One of the cool features of Google’s new Chromecast device: It lets users move whatever they can see on their computer’s Chrome Web browser onto their TVs.
One group of people who might not think that’s cool: TV executives, who are still trying to draw a distinction between things you watch on your computer and things you watch on your TV.
For example: Chromecast’s mirroring capability poses an issue for Hulu. The video website has tried to restrict user’s ability to watch its free Hulu.com service on TV screens; instead, it sells the ability to watch Hulu on a TV as part of its $8 a month Hulu Plus service.
Hulu says it is working with Google to bring a Hulu Plus app to Chromecast, and when it does it will be an “optimized” viewing experience.* And not all of Hulu Plus’s content is available on free Hulu. But a lot is. So in theory, that should make Hulu Plus a harder sell for Chromecast customers.
Google may also hear from HBO, which is fine with people watching its HBO Go service on big screens – but only with the explicit approval of the pay TV channel. For instance, HBO prevented Apple TV users from streaming its programs from its iPads and iPhones until February; last month, Apple added a dedicated HBO Go app to Apple TV.
Of course, anyone with any common sense, who doesn’t work in legal or biz dev at a large entertainment company, knows that it’s silly to argue that something that’s on one screen shouldn’t be on another. And anyone who wants to buy a cable and connect their laptop to their TV could already do this.
Which is exactly what Ossama Alami, a manager in Google’s developer relations group, told my colleague Liz Gannes when she asked him about the issue today.
There is one solution for content owners who don’t want people using Chromecast to fling stuff to their sets, Alami noted: Stop distributing their stuff on the Chrome browser. Not that he’s suggesting they should do that.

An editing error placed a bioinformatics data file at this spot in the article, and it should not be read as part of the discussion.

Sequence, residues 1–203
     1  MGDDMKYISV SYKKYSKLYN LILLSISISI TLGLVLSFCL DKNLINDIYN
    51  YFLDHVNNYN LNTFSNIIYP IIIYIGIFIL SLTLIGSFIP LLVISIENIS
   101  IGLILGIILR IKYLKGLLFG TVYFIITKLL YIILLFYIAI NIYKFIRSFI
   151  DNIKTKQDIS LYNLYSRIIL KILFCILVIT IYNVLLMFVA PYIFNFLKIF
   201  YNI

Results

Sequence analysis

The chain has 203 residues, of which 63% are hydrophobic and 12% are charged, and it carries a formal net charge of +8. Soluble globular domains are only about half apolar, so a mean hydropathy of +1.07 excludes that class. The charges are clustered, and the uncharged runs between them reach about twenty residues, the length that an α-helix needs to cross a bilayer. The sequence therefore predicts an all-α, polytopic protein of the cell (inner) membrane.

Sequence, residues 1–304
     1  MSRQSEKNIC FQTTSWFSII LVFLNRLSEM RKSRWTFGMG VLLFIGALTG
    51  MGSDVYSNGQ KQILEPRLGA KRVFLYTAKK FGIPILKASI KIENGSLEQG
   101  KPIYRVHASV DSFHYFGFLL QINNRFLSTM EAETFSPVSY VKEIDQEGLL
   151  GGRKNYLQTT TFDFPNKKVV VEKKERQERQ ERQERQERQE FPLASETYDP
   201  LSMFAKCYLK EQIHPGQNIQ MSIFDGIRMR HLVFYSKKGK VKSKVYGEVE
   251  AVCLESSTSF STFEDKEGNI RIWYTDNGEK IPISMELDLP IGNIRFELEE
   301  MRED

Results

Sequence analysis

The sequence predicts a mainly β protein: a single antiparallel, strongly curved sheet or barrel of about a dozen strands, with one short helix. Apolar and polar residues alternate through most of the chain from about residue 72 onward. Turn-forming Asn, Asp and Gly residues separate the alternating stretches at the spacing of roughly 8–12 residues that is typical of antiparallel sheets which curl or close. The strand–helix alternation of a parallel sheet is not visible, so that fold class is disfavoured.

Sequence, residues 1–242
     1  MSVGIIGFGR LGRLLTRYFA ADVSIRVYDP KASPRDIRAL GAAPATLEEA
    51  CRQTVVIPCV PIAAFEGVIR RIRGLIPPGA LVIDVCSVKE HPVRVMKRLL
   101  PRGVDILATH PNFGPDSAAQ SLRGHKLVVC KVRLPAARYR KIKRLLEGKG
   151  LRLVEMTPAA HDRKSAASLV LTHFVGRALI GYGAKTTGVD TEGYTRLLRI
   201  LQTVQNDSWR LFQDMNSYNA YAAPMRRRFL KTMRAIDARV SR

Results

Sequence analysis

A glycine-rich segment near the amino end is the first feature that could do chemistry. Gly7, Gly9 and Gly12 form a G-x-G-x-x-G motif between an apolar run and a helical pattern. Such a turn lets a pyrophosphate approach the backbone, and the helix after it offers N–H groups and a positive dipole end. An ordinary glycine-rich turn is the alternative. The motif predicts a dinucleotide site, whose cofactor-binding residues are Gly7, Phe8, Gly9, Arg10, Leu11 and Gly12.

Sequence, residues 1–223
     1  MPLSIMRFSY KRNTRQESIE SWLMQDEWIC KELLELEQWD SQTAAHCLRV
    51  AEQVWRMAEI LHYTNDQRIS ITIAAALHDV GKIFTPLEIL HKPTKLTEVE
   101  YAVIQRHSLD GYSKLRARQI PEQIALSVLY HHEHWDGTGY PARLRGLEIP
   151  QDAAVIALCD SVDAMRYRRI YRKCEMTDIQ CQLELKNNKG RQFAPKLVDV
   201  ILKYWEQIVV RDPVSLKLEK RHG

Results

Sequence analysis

It’s worth noting that this move comes as Google is floating the notion of an “over the top” pay-TV solution, and talking to content owners and networks about licensing their stuff. And it comes after Google has already irked some content owners with earlier versions of Google TV, supposedly because Google didn’t work hard enough to keep pirated content off of those devices.
You’d think that if Google were serious about its latest TV push, it would take extra care not to ruffle the TV guys’ feathers. So maybe it doesn’t think this is a ruffle-worthy issue. Or maybe it just doesn’t care.
Only tangentially related: Google’s first ad for Chromecast is pitch-perfect. Shows you what the product does and different use cases for it, in realistic settings (check the clutter in some of these TV rooms – these look the kind of places real people live, and watch TV, in).
And it portrays TV-watching as a great thing to do with people you like. These people are “constantly directing their attention away from one another,” but what they’re mostly doing is having fun, with other people.
*Google is also describing the current version of Chromecast as a “beta” version. Of course, “beta” can be a long-standing condition at Google.